Young and Hungry

Brew In Town: Baltimore Washington Brew Works Pendulum Pilsner


Baltimore Washington Brew Works Pendulum Pilsner

Where in Town: Mayfair Liquor and Wine, 7312 Georgia Ave. NW

Price: $13.99/64 oz.

Nice Jugs?

Running out of vodka for Sunday morning Bloody Marys used to mean no at-home drinking until Monday in the District. Not anymore, and the same law passed late last year that allows Sunday alcohol sales also permits D.C. shops to fill and sell 64-ounce growlers. Some places like D’Vines, Sherry’s, Whole Foods, and Yes! Organic Market already have filling stations. Spotting a draft system where there wasn’t one before always quickens my pulse, but I have mixed feelings about growlers. Yes, they’re a great way to get fresh beer directly from a brewery or brewpub when bottles or cans aren’t available. And yes, the containers are environmentally friendly (and look cool), and buying in bulk can be more economical. But without high-tech equipment and special care, growler beer is hard to keep good for more than a few days—a sobering reason to stick with a six-pack.

Drinking for One

I can’t always rely on my lightweight husband for help, so I opt for fill-ups of beers I can whip through on my own in one or two nights. My most recent choice was the easy-drinking Pendulum Pils, a light-bodied, 4.5-percent alcohol lager. It has grain and corn aromas, mildly sweet malt and earthy hop flavors, and a moderately dry finish typical of American Pilsners. If you’re curious about Baltimore Washington Beer Works and its Edgar Allen Poe–themed beers, pick up a “Four Poes in One Box” variety pack. Or better yet, head to Glen’s Garden Market, where Pendulum was recently spotted for $1.99 per 12-ounce bottle, a better deal than my growler.

Photo by Tammy Tuck 

  • Anon

    Growlers need to get less expensive. Why would I pay 13.99 for a growler when I could get more beer (72 oz vs. 64 oz) for the same price, and have it be fresher?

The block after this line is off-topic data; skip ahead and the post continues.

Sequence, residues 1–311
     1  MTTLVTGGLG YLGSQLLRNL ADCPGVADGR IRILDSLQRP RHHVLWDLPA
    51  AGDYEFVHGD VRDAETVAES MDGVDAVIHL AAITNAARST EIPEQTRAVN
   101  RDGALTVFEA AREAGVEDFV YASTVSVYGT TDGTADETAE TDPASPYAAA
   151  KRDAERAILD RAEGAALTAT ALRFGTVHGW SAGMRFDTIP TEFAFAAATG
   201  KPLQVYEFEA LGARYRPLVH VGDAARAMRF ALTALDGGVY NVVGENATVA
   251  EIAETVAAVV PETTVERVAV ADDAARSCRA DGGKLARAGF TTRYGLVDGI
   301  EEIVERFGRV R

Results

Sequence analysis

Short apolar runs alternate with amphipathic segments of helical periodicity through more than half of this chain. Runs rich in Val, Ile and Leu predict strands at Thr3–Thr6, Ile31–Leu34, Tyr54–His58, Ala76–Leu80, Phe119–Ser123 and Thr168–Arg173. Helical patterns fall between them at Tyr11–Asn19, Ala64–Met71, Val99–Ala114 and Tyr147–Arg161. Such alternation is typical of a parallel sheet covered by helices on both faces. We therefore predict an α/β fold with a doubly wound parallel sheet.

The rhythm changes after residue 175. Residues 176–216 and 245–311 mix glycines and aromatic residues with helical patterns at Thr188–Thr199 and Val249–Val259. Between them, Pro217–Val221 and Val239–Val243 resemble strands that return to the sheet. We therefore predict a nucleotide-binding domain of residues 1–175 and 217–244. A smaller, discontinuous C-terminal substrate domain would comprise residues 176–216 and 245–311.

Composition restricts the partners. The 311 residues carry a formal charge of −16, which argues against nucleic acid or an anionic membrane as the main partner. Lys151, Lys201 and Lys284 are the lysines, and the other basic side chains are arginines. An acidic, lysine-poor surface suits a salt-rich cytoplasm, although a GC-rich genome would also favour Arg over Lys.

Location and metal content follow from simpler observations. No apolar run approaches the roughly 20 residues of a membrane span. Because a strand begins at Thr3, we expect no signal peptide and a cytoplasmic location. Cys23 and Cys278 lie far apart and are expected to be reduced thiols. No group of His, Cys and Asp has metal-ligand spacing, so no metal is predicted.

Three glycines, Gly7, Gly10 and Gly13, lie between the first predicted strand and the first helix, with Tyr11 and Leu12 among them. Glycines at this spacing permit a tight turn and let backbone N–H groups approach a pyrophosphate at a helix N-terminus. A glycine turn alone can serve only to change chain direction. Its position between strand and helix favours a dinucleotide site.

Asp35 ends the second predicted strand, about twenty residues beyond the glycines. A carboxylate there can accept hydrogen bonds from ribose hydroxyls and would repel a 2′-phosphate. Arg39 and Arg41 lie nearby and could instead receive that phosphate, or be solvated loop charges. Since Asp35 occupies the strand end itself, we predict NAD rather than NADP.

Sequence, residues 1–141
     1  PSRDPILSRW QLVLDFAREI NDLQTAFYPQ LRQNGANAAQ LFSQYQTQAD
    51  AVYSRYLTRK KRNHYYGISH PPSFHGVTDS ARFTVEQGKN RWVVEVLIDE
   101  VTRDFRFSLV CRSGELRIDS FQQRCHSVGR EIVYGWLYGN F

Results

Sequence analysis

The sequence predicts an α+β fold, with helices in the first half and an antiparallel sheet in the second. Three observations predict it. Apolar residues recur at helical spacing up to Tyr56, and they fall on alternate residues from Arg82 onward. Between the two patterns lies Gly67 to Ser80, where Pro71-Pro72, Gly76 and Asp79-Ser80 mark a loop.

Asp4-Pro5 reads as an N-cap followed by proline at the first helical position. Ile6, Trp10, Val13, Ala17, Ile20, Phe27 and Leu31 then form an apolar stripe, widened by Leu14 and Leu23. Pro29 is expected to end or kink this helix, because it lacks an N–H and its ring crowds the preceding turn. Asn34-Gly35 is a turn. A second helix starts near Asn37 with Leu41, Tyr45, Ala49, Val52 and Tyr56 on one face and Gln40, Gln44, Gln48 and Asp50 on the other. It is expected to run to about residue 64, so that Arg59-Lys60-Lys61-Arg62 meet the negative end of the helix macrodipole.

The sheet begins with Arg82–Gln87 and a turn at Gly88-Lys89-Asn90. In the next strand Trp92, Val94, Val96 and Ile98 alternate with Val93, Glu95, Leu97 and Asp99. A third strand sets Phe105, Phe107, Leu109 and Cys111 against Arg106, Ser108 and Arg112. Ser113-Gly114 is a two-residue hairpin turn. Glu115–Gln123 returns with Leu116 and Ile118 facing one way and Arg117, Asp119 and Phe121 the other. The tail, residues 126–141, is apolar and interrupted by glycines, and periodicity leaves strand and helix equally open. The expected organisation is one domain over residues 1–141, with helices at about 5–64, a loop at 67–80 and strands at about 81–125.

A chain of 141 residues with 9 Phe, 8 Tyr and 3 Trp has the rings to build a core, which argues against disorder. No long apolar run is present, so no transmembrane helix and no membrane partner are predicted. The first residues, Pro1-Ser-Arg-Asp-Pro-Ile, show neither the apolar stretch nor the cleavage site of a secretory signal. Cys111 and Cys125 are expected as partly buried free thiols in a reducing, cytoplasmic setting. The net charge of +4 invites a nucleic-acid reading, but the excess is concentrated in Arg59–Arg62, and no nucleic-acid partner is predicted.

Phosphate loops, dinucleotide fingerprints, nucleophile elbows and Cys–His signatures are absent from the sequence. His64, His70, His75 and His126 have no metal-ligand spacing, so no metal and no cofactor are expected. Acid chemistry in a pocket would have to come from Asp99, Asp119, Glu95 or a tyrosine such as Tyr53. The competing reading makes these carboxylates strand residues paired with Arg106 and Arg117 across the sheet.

In my experience, by the second day a growler is already going a little flat. option is less, flat beer or more, fresh beer?

  • Kev29

    "In my experience, by the second day a growler is already going a little flat."

    You're not supposed keep an opened growler overnight. It really should be consumed the day of purchase.

    Of course that doesn't mean you're wrong about the price though, I do think they're a little ridiculous around here. Most people buy them for gimmick value, trying to live like an Oregonian.

    And I don't think that growlers really compare with bottles or cans because you can usually assume that the fresher beer is coming out of the keg - and it's also conditioned differently. A growler consumed with friends soon after buying will almost always be better than a 6 pack, even if you're getting 8 fewer ounces. Though I don't want to pay that much more than a 6 pack.

  • Acebojangles

    They got rid of the no liquor on Sundays law? Amazing! How could such a law have survived so long?

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